the lemur replying to a comment from iSkyscraper / March 21, 2013 at 03:17 pm
The study's not about LRT stations at all: it looked at P&R facilitie at NS (national railways) stations in and around Rotterdam and The Hague. Some of the ones in Rotterdam were also metro stations. That's as close as it got to LRT.
bob replying to a comment from Jason / March 21, 2013 at 03:40 pm
No you wouldn't.

This is some sort of threat that people in the suburbs always make but will never follow through on.

You would not decide to drive and park downtown if GO raised prices but a few pesos.

1 - have fun driving in and out of the city during rush hour... Once you realize that your monthly gas bill jumps considerably you will change your mind.

2- Even if the gas and the pain of rush hour doesn't get you, parking downtown will. Im sure that you are willing to pay $25+ every week day to park your shit box of a car downtown.
Allurban / March 22, 2013 at 12:47 am
Last year I participated in the Shuttle Challenge (, mounted a data reader onto my dashboard and connected it to the OBDII (Onboard Diagnostic) port.

Now, every time I drove I could see how much each trip cost...measured in terms of money spent or fuel use or percentage of time idling.

I learned some very interesting things ... most importantly that my 5km trip to the GO station used 60-70c worth of fuel (cold starts and short trips burn a lot of fuel and the typical GO park & ride commuter does this twice a day.).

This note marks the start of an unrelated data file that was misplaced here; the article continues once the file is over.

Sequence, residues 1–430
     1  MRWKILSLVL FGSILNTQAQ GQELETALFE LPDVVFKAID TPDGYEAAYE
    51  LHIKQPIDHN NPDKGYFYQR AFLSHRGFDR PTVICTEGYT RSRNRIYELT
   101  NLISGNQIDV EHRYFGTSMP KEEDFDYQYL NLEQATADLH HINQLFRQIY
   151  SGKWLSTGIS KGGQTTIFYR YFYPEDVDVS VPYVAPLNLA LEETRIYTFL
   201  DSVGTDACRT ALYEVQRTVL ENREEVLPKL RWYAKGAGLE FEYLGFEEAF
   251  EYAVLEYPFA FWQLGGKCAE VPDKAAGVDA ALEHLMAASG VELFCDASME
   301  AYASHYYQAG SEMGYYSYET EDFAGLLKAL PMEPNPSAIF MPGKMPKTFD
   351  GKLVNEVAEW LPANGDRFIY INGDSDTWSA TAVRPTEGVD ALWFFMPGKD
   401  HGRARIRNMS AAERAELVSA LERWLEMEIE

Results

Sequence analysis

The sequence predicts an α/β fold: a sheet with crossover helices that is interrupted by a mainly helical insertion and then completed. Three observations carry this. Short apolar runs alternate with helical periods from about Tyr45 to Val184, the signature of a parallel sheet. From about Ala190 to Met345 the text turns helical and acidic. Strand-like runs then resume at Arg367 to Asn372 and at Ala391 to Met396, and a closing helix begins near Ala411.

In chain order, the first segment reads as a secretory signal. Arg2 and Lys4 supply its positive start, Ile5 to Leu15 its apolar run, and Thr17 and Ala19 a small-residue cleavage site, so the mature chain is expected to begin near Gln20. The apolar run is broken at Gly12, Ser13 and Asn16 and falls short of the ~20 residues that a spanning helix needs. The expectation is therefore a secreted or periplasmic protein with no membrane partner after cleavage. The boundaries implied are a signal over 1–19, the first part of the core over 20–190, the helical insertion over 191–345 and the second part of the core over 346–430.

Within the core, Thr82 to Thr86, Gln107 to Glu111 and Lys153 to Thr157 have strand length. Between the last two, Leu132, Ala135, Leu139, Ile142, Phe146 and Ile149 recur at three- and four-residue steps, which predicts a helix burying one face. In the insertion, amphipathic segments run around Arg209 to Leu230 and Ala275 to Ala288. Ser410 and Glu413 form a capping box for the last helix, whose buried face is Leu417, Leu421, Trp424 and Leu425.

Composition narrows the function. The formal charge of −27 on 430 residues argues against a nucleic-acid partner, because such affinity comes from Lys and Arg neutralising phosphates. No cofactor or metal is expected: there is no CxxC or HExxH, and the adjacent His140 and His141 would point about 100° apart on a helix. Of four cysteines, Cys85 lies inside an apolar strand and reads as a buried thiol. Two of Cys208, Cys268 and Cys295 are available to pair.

The other important thing I learned was that no matter what I did, around 20-25% of each trip was spent idling and wasting fuel. So, I started turning off the car at red lights (especially those long 3phase traffic signals) and saved money.

Taking the car costs money already...even if the parking is 'free' it still costs you.
Andrew / March 22, 2013 at 02:24 pm
Charging for parking at GO stations won't reduce ridership because many of the parking lots are overflowing. If you don't arrive before 7am you will find that the lot is full. Charging for parking means that people who arrive later can find a space (for a price) while others decide to take the bus to avoid the parking fee.